September 6, 1982

The new medicine’s grave risks 3435
COVER

The new medicine’s grave risks

Beneath a high-powered microscope, the patient lies motionless on an operating table, a patch of his brain exposed. A piece of his skull lies in a jar on a table nearby. Dr. John S. Peerless, chairman of neurosurgery at the University of Western Ontario, stares through the lenses while he tries to attach two arteries, using a device smaller than a strand of human hair.
Olympian task for a Renaissance man 3031
SPORTS

Olympian task for a Renaissance man

The 1976 Montreal Summer Games did have a deficit, a whopping, corrupt $1-billion deficit. And David Leighton, the new president of the organizing committee for the 1988 Calgary Winter Games, is keenly aware of Drapeau’s prediction. Participating in a Banff panel on Olympic TV coverage recently, the camera was on him.
Days of danger at Friendship Pass 1617
WORLD

Days of danger at Friendship Pass

For 175 km, the scene on the highway that runs south from Nanning is like a thousand other rural vistas in China’s verdant tropical belt. Processions of peasants work unobtrusively. Some haul bricks and coal on carts drawn by water buffalo or horses.
The premiers test troubled waters 1011
CANADA

The premiers test troubled waters

Canada's premiers launched a balloon last week only to see it shot down almost as soon as it took flight. It was a precarious venture at best, especially because the provincial leaders could see that the economic health of the nation was riding in the basket.
The sackcloth adversity 4445
RELIGION

The sackcloth adversity

For the past several months three robed nuns have left their ramshackle 12-room house on Lusted Avenue in Winnipeg’s low-income Point Douglas area each day to knock on neighborhood doors and beg for money. Left in the house is their superior in the Order of the Mother of God, Mother Aimée.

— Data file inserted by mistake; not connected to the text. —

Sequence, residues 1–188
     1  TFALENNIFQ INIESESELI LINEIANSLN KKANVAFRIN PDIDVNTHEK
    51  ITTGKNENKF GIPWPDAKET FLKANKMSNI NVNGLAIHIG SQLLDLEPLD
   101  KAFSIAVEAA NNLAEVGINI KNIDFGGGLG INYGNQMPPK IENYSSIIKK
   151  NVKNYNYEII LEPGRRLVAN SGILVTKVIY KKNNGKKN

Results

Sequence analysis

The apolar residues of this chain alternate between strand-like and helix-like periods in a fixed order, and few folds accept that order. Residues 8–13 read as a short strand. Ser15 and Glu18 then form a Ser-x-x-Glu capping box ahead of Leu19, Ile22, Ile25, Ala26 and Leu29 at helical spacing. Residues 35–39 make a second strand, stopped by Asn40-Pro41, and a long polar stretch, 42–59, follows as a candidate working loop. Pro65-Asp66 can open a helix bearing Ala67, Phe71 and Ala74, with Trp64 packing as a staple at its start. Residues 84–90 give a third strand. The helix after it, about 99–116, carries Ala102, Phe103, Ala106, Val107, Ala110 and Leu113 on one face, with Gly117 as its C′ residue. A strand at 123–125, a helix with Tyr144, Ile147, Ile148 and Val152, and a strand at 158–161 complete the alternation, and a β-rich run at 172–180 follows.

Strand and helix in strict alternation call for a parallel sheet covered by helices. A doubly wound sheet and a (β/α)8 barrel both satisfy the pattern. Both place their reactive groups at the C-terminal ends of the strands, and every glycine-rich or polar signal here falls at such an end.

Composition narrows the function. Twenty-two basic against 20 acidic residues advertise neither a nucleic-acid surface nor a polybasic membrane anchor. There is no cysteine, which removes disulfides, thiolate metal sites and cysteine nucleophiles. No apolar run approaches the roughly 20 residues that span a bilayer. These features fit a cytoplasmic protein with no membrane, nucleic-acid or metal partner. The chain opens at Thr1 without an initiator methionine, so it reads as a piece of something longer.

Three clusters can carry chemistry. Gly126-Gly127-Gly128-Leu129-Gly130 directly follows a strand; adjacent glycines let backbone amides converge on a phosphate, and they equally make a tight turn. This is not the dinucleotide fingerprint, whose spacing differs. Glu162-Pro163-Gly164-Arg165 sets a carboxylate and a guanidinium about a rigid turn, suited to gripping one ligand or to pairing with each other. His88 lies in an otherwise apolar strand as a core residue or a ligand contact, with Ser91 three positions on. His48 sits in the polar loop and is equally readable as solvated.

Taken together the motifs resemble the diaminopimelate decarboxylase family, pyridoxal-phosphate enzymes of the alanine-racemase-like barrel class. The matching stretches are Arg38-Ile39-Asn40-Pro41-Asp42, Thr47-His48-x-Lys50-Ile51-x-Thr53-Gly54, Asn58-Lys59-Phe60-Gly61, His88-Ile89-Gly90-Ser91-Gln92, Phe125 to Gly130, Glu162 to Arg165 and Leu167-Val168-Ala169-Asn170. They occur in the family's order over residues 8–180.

A newsy diet for hungry viewers T29
PODIUM

A newsy diet for hungry viewers

When you consider that the average half-hour newscast contains about the same number of words as a page and a half of The Globe and Mail, it is clear, as Walter Cronkite has suggested, that the TV anchorman is holding a one-pound sack into which he’s trying to stuff 100 lb. of raw material.
The scandal of Nugan Hand 1819
WORLD

The scandal of Nugan Hand

When two passing patrolmen found Sydney merchant banker Frank Nugan dead in his Mercedes on a little-travelled highway early on Jan. 27, 1980, it appeared to be a routine suicide. Nugan had returned from London two days earlier to learn of major discrepancies in his Nugan Hand bank’s accounts.
An alliance torn by an export ban 2627
BUSINESS

An alliance torn by an export ban

"Exceptional load," read the warning on the three tractor trailers lumbering onto the docks of France’s chief port at Le Havre. That notice proved to be a grave understatement. Last week the truck’s cargo—three 60-tonne French-made compressors bound for the Soviet Union’s 5,600-km natural gas pipeline under construction to Western Europe—became the charged symbols of an alarming new trade battle flaring between Washington and its European allies.
Reaching for the stars 8bT1
Q&A

Reaching for the stars

Maclean’s: What are the chances of picking up signals from another civilization with radio astronomy? Sagan: Optimistic estimates of how many nearby stars you would have to sift through in order to have a fair chance of detecting a signal from the nearest one that has a civilization is something like one million, perhaps 10 million, stars.
PASSAGES 45

PASSAGES

DIED: Agostino (Gus) Caruso, 55, internationally known Toronto hairstylist who revolutionized the haircut in the 1960s, turning it into a high-fashion accessory, of a heart attack, while vacationing at Wasaga Beach, Ont. Caruso’s clientele included Barbra Streisand, Elizabeth Taylor and the late Maria Callas.
August 301982 September 131982